For some tea drinkers – present company included – a cup of tea is just fine and nothing more is needed. We drink our tea, sometimes in copious and staggering amounts, but that is all. Other tea lovers might want to take things a step further and do such things as incorporating tea into their food. This is not a new concept but it’s one that seems to be gaining in popularity along with the general upswing of interest in fine foods and specialty tea. If you doubt the level of interest in this topic, consider that there are actually restaurants scattered throughout Asia whose menus are comprised exclusively of tea-related dishes.
Of the smattering of cookbooks that have popped up to fill this niche, Cynthia Gold and Lise Stern’s Culinary Tea is the most recent. Gold, a tea sommelier (yes, that’s right, sommeliers are not just for wine anymore) at The Boston Park Plaza Hotel & Towers, brings a considerable amount of experience to her topic and even claims to be “one of the first chefs practicing ‘culinary tea’ in the United States.”
Part One of the book is devoted to Understanding Tea, with a chapter that sketches out the historical precedents for using tea as an ingredient in cooking. The next few chapters take a look at the fundamentals of tea. It’s a section will be especially useful to newcomers to the world of tea but will probably be something of a review for old hands. Part Two of the book, not surprisingly, takes a look at the Techniques of Cooking With Tea and presents the 150 recipes (and then some), broken out into the categories of Starters, Entrees, Desserts and Tea Beverages.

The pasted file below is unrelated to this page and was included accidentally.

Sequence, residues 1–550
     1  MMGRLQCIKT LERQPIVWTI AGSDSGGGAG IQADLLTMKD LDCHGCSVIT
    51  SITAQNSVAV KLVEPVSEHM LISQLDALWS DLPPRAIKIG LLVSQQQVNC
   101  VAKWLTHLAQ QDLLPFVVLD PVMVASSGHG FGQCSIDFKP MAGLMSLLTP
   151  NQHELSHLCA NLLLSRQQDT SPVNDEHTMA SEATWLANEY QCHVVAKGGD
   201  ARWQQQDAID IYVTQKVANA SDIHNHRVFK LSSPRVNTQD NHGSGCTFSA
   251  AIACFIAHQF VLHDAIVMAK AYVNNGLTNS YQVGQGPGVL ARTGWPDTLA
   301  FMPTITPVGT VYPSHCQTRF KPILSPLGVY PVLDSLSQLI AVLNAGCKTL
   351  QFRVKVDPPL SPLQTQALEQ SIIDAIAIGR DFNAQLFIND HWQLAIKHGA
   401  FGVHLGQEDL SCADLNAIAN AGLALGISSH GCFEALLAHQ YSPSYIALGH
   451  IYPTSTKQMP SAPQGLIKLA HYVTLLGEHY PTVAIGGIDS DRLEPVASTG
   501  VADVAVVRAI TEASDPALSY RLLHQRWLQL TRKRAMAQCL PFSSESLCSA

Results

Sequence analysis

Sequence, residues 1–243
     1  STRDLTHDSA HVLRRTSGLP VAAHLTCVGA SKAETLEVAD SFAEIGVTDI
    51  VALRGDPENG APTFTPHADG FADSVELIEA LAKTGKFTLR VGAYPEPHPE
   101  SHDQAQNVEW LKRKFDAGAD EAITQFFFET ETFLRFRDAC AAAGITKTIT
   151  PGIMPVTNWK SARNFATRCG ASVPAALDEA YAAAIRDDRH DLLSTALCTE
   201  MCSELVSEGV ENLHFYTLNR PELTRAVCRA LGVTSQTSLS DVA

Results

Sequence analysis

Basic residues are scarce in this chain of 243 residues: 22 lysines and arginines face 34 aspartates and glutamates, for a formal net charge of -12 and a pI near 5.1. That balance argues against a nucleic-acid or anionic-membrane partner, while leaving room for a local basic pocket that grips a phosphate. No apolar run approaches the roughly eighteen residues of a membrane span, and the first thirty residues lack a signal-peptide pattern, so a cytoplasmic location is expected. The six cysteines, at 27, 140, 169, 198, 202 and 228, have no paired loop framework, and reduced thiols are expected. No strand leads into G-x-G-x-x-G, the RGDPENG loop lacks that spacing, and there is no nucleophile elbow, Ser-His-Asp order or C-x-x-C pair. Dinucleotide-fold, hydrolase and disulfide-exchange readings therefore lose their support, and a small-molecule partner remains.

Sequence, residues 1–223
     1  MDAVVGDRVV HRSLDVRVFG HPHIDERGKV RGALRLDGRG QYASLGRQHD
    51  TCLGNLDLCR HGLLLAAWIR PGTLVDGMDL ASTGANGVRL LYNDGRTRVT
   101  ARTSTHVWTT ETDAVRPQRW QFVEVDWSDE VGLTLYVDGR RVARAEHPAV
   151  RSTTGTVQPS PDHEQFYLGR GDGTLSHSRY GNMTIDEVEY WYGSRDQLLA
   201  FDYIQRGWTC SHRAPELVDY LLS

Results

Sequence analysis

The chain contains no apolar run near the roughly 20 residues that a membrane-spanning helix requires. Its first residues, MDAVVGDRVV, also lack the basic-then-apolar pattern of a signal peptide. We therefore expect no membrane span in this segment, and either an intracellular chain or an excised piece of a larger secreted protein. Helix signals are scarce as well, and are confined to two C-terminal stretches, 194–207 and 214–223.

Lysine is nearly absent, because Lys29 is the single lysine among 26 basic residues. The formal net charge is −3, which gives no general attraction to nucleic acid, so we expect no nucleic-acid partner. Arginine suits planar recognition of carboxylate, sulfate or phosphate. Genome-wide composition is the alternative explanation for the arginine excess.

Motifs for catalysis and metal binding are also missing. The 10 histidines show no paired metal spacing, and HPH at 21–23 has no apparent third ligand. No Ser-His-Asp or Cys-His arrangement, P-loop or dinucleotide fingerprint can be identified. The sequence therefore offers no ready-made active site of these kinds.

As the title promises the recipes featured in here have an international theme, which seems fitting for a product that is produced and consumed in various ways around the world. Among the assorted and sundry of the many interesting recipes are a Jasmine Tea Chicken Soup, Rosy Green Tea Truffles, a Banana-Blueberry Smoothie, Chinese Tea-Smoked Duck, Smoked Tea-Brined Capon, Assam Shortbread and Thousand-Year Old Eggs. Aspiring tea chefs will be glad to know that this latter item, a popular delicacy in some parts of Asia, can be prepared in quite a bit less than one thousand years. But patience is still a virtue.
Don’t miss William’s blog, Tea Guy Speaks!
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